Making Like an Onion

At a doctor's office recently, the receptionist requests that I step on the scale for her.  It takes but one half of a second for the white hot fear to rush up from the pit of my stomach.

I'm the heaviest I've been in seven-ish years, minus two pregnancies and immediate post-partums.  I have a number of theories as to why this is, but only someone who agonizes about the shape and size of her body to the extent that I do would take the time to build these theories.  (And then agonize about them as much as the actual shape and size of her body).

I wish I could tell Ms. Receptionist.  I wish I could tell her scales strike fear in my heart- because they either provide proof that my obsessive thoughts and tactics are on target, or they're glaring proof that I'm not working hard enough.

I am too tired to work any harder right now.  I am bone tired when I am not wire-y anxious, and I wish I could tell Ms. Receptionist that. 

"Do I have to?  I mean, is it really necessary?"  I throw in a half laugh and a shrug as if to say, "Come on, sister, help me out here.  It's cool, just write a number down in that folder there."

She stares back at me and then rolls her head off to the side, her eyes rolling with it,  "Come on," she playfully chides.  

She doesn't get the SOS.  And I don't have the courage to speak plainly.

This is just one of the many reasons why I struggle to speak loudly about my demons.  Because in the light of day, before the pixie-haired, lithe, very chic receptionist with the exotic dialect, at the Rheumatologist's office, I feel silly and dramatic.


The next day, my toddler and I pay a visit to a family going through a particularly large trial of faith and courage.  We are graciously invited to take a dip in their pool.  In fact, our hosts won't hear otherwise, and they happen to have a brand new swim suit that I can use.  

It's gorgeous out, the kids are excited to swim, and I am positively nauseated as I step into the washroom to change.  I know this is probably an invitation to move through this resistance rather than run like hell.  "I can do hard things," I repeat in my head over and over.

I am shaky and sweaty as I change into the swimsuit.  I'm not sure if I am going to throw up, burst into tears, curl into a ball, or all three.  I have my toddler with me, and she continuously runs to the door to open it, so excited to get out to the pool.

Then, I'm so mad.  So mad that I didn't just insist we weren't staying to swim.  So mad that they (generously, sweetly, innocently) had the extra bathing suit.  So mad that I'm this worked up when my hosts are dealing with far more pressing concerns.  So mad at myself for hating my body.  Why can't I just appreciate it for all the good it does?!  Why can't I see myself the way my partner does?  Why does my brain have to be so annoyingly, destructively self-centred?  Why am I STILL fighting this battle, for fuck sakes I am thirty-three years old!!!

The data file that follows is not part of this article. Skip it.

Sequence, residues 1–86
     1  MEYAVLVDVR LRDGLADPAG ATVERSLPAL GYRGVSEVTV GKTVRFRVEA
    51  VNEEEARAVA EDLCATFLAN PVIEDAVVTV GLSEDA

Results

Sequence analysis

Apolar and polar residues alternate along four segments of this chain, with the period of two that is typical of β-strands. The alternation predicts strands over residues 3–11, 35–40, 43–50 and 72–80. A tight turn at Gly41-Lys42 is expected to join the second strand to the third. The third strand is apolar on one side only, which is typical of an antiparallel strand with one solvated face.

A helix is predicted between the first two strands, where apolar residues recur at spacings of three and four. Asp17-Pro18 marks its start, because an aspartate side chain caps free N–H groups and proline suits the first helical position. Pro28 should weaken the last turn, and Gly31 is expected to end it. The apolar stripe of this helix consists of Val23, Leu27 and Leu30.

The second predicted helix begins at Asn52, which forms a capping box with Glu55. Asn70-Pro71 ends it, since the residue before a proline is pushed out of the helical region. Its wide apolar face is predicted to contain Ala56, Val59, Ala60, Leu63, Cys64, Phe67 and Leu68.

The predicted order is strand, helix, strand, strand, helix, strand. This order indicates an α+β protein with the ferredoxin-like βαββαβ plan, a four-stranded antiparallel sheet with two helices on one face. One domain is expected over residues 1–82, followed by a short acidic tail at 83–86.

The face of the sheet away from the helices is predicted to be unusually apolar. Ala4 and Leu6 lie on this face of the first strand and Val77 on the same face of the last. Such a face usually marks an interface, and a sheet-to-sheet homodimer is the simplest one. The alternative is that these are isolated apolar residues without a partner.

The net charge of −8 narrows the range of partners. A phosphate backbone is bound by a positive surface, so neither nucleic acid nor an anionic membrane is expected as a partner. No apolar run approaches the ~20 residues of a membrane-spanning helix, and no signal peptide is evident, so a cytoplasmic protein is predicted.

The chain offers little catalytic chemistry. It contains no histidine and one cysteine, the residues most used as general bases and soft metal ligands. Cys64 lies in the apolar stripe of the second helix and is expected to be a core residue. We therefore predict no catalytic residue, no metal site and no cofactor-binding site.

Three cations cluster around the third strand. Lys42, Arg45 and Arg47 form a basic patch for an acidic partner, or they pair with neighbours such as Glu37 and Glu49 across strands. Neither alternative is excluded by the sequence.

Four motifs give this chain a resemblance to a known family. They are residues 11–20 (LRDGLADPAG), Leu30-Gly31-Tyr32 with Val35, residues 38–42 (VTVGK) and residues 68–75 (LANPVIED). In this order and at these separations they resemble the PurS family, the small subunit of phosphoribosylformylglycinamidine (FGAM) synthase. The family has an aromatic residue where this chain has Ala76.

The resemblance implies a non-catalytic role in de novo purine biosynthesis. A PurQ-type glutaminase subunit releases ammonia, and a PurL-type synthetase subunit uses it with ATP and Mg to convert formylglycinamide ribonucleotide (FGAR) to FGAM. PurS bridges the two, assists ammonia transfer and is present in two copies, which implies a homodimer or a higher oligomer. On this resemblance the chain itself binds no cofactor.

I breathe into my heart space, willing to feel it all, because from my vantage point in the bathroom, there is no way out.  I silently pray to the Goddess of my own understanding:

Please help me see the Love in this.  Help me to be a vessel of Peace and Love.

My kid runs to the door for the thirtieth time, because I'm taking an exorbitant amount of time fighting off a panic attack.  At least four years have passed, in her toddler mind.  Out of the corner of my tear-filled eye, I catch the sheer anticipation on her squishy face.

My heart expands even further, and  I think, "I'm missing out on that."  And so I gather my sweaty shaky self and my eager toddler, and we exit the bathroom hideout.  

I throw myself into enlightening conversation and I listen to slices of other people's worlds, doing my best to really hear them.  

Hearing them is healing.  A remembrance of Interconnection.  A transformation from fear to Love.

I am sure to send a prayer of thanks to Goddess.


I'm  sometimes quick to speak of my body issues as if they're something I have conquered, know better than, and am over.  A Happily Ever After with the occasional reference to "Phew, was I ever jacked up then!"

Sometimes I mistakenly think that if I reference the pain of the past with an air of spiritual understanding, it means that I'm immune.  I'm an empowered, intelligent, educated feminist.  I'm a yoga teacher who endeavours to walk her talk every damn day.

And still.

Still there are residual patterns.  Still there is darkness.  Still there is shame.  Recovery feels more like a spiralling staircase than a ladder.  Coming back to old lessons with a bit more insight than the time before, but still a hell of a lot of pain.

I have the tools to cope, and some understanding around my patterns.  I am developing strategies to help me feel my way through the next layer of healing.

Because that is what this is: there is no quick fix to our humanness.  We are meant to learn as we go, peeling back the layers of misperception, stories, outdated beliefs, and armour.  All of that stuff wedged and built up between the world and our Heart, where our true wisdom and inner compass resides.  Where our True Self resides.

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Laura Biddle, given the spiritual name Tera Sundri Kaur, which means "Thy Beauty," is a Kundalini Yoga teacher and student.  She lives with her three children, partner, and two cats, and an extreme amount of Lego.  Laura is inspired to live with an acceptance and appreciation for the duality that is within the human existence, and hopes to do so with as much grace and joy as her children do.  Interconnection, Sisterhood, and Vulnerability are her religions.  For more from Laura, visit